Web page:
You always want your coffee shop in shape to pass food safety inspections. One way to ensure this is by keeping supplies stocked and training staff on their proper use. Things like sanitizing solutions, red sani-buckets, and bar rags should be on hand to guarantee food safety.
Menu boards in coffee shops are usually better than paper menus, which are likely to get torn and spilled on. But, if you do print paper menus, keep track of how many your coffee shop has at all times and budget for seasonal reprintings.
How to organize coffee shop supplies
Keeping your inventory and budget in line is crucial for your coffee shop's success. These coffee shop organization practices will help streamline the process.
One tip is to keep a digital log of everything that enters and leaves the shop. To do this, make good use of your restaurant management software, which will simplify the logging process.
Another practice is shelving, which helps to maximize the small spaces coffee shops set aside for storage. Make a clearly labeled “home” for all the essential supplies so that you and your staff know where to find things. This approach will help streamline your managers’ inventory counts, keeping your numbers as accurate as possible.
Where to buy coffee shop supplies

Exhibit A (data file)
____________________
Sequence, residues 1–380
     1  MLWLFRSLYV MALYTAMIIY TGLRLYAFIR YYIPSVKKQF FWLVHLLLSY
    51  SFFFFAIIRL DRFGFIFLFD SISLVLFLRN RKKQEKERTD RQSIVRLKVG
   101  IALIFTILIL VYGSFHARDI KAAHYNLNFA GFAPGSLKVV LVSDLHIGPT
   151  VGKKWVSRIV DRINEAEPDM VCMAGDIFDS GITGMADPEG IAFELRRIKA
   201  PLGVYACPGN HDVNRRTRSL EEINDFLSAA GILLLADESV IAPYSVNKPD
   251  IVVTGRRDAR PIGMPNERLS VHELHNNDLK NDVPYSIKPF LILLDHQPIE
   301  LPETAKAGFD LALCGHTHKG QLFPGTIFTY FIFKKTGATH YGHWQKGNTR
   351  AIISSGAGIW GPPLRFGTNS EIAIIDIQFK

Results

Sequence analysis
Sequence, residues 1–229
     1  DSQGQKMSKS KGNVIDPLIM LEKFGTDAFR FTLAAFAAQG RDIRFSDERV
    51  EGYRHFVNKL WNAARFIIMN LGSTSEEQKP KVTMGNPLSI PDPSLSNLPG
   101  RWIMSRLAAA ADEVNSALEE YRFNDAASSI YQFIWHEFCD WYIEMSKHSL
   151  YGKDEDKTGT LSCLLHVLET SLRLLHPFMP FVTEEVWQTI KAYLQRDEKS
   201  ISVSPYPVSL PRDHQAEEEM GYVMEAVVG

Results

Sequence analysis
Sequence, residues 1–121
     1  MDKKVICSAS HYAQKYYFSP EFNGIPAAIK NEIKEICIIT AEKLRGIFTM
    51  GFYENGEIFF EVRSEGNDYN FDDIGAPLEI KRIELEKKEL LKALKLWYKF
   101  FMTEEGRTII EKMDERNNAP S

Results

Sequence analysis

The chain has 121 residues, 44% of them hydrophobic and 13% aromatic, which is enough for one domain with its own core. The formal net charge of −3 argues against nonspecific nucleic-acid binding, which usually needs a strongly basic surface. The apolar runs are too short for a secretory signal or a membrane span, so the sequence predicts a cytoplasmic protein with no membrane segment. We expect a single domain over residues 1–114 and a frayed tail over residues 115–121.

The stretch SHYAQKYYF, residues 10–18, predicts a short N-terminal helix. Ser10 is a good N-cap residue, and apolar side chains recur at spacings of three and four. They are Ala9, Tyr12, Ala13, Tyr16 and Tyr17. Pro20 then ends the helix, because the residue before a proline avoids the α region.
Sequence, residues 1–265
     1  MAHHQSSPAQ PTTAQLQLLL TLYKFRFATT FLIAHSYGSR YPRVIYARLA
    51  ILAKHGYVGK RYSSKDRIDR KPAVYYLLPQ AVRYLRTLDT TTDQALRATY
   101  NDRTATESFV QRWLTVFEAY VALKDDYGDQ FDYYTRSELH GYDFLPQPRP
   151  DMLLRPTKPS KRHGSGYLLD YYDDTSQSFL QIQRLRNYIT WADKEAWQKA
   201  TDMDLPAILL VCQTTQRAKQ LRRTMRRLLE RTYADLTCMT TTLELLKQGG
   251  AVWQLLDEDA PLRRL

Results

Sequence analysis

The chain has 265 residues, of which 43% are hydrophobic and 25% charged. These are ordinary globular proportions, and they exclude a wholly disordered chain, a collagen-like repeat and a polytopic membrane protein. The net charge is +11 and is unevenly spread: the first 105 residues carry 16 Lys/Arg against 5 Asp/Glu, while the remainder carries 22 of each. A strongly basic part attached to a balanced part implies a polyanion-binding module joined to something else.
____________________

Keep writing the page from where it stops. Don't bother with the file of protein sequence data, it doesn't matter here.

The best places to get all your coffee shop supplies are often the local restaurant supply stores and delivery services in your area. These businesses typically offer wholesale prices on everything needed to operate. Plus, locally owned and operated companies tend to be more personable and reliable. They’ll take the extra steps to ensure your shop is stocked and ready for operations.
There are lots of websites with low prices on coffee shop supplies. Sometimes you can create great relationships with those companies. But, ordering supplies online can come with higher shipping costs than you’ll find from local warehouses.
Coffee shop supply essentials
Coffee shop supplies are necessary for sales and food safety, making them a priority for your shop's operations and budget. Use this guide to build long-term plans to find and maintain essential coffee shop supplies.
And, last but not least, don’t forget to set reminders to check the inventory and condition of supplies!